EU Unlikely to Get More Concessions From Tehran to Save JCPOA

EU Unlikely to Get More Concessions From Tehran to Save JCPOAEU Unlikely to Get More Concessions From Tehran to Save JCPOA

There is little chance that European powers would be able to present an initiative to obtain further concessions from Tehran with the aim of preventing the collapse of the Iran nuclear agreement, says an Iranian political expert.  

In a recent article published by the Iranian Diplomacy website, Rahman Ghahremanpour argued that there are certain obstacles that make it difficult for the Europeans to persuade Iran to renegotiate the deal or talk US President Donald Trump into maintaining it.

Trump gave the nuclear agreement a final reprieve on January 12 but warned European allies and the US Congress they have to work with him to fix "the disastrous flaws" in the pact or face a US exit.

It has been reported in western media that key European powers are likely to introduce a "package of measures" to Washington or negotiate a side agreement to allay Trump's concerns about Iran without reopening the nuclear pact, formally known as the Joint Comprehensive Plan of Action.

The new strategy could include threatening Iran with targeted economic sanctions if it does not agree to curtail its ballistic weapons arsenal as well as pressuring Tehran into changing its regional policy, according to Reuters.

Iran has repeatedly said its missile program is purely defensive and has dismissed accusations that its regional activities are destabilizing.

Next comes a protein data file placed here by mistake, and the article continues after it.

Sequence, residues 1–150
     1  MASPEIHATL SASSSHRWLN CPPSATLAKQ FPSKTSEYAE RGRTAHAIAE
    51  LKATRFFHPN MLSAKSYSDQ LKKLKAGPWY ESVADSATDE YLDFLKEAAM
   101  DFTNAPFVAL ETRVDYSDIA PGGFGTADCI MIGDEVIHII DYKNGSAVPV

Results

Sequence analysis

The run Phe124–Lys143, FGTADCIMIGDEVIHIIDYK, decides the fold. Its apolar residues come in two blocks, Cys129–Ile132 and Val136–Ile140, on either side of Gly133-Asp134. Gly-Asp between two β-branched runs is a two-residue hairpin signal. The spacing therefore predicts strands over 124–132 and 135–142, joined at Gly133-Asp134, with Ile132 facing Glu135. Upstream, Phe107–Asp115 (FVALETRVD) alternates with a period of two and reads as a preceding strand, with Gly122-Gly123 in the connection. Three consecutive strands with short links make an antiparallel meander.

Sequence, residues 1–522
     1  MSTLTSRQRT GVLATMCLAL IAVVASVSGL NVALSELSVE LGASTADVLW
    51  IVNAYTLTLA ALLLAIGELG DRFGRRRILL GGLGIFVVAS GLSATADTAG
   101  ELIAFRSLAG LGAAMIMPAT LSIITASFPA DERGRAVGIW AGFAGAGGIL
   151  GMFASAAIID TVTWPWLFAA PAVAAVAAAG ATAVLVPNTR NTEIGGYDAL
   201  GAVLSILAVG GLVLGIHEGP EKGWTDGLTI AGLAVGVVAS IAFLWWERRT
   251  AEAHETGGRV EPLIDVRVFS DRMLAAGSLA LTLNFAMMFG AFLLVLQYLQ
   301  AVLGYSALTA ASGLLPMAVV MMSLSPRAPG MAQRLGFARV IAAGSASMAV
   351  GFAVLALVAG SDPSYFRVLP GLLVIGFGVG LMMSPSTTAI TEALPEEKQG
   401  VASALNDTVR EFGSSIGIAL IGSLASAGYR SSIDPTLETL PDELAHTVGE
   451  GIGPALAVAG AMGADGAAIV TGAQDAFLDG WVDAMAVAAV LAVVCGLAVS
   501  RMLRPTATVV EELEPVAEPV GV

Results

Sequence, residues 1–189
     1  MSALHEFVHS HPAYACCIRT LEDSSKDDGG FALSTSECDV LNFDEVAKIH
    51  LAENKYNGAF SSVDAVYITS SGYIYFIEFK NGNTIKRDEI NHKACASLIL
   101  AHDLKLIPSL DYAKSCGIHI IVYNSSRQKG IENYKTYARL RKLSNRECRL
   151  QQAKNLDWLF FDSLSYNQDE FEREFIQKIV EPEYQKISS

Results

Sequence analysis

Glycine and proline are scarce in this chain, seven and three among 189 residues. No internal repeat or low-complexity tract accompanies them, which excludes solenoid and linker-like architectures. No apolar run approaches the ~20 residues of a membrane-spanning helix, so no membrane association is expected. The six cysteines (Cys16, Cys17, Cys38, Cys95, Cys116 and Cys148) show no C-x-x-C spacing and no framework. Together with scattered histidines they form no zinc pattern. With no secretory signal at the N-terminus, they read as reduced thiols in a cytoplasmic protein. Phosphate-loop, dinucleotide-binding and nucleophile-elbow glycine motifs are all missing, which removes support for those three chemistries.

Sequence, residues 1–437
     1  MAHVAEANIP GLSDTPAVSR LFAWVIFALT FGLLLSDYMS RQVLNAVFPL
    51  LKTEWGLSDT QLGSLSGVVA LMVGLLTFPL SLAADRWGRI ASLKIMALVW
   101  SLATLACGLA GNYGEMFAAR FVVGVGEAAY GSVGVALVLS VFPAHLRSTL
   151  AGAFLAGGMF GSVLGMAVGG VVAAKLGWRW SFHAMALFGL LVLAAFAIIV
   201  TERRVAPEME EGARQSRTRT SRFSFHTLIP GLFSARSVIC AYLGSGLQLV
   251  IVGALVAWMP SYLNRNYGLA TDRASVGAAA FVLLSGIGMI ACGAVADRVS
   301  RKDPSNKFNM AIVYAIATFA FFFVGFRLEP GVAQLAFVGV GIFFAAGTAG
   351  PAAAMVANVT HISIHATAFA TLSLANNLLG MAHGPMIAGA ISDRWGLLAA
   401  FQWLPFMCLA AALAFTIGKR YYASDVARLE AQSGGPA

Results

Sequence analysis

Weakened Position

Ghahremanpour says the European Union is currently grappling with a range of internal issues, including a refugee crisis and Brexit, and is not as strong and united as before to stand against the United States.

In addition, Brussels is highly dependent on technological and intelligence cooperation with Washington and would not afford to alienate it for the sake of keeping the nuclear agreement in place, he noted.

He believes another hindrance is the fact that there is no "convincing reason" for Iran to accept restrictions beyond those it agreed to under the nuclear deal or hold talks over its ballistic missile program.

Such demands would mark the collapse of the accord for Iran, he said, adding, "When an agreement has no benefit for a country, its raison d'être is questioned. And under international law, that country has the right to pull out of it."

"There is also no binding international treaty requiring countries to restrict their missile activities."    

  Security Fears

Ghahremanpour says Europe is more afraid of the security consequences of the failure of the nuclear deal than the cancellation of its business contracts with Tehran as a result.

The US and other major powers lifted broad nuclear sanctions on Iran after the landmark deal in return for curbs on its atomic activities. Tehran says its nuclear program is only for peaceful purposes.

"Brussels fear that the termination of the JCPOA would lead to confrontation between Iran and the US in the region, the spread of insecurity there, and the influx of refugees to Europe that is still reeling from the negative consequences of the arrival of Syrian refugees," the expert said.

However, the US is less concerned about the rise in insecurity in the Middle East due to its geographic distance from the region, he wrote.

  EU's Trump Card

From Ghahremanpour's perspective, the only advantage that Europe has is the lack of international or domestic support for Trump's hardline policies as well as the negative sentiment toward him in European nations.

However, the US president's numerous powers under the constitution make it difficult for the EU to work with institutions of power inside the US while opposing the president, he noted.

The landmark accord was negotiated between Iran and the UN Security Council's five permanent members (Britain, China, France, Russia, and the US) plus Germany.    


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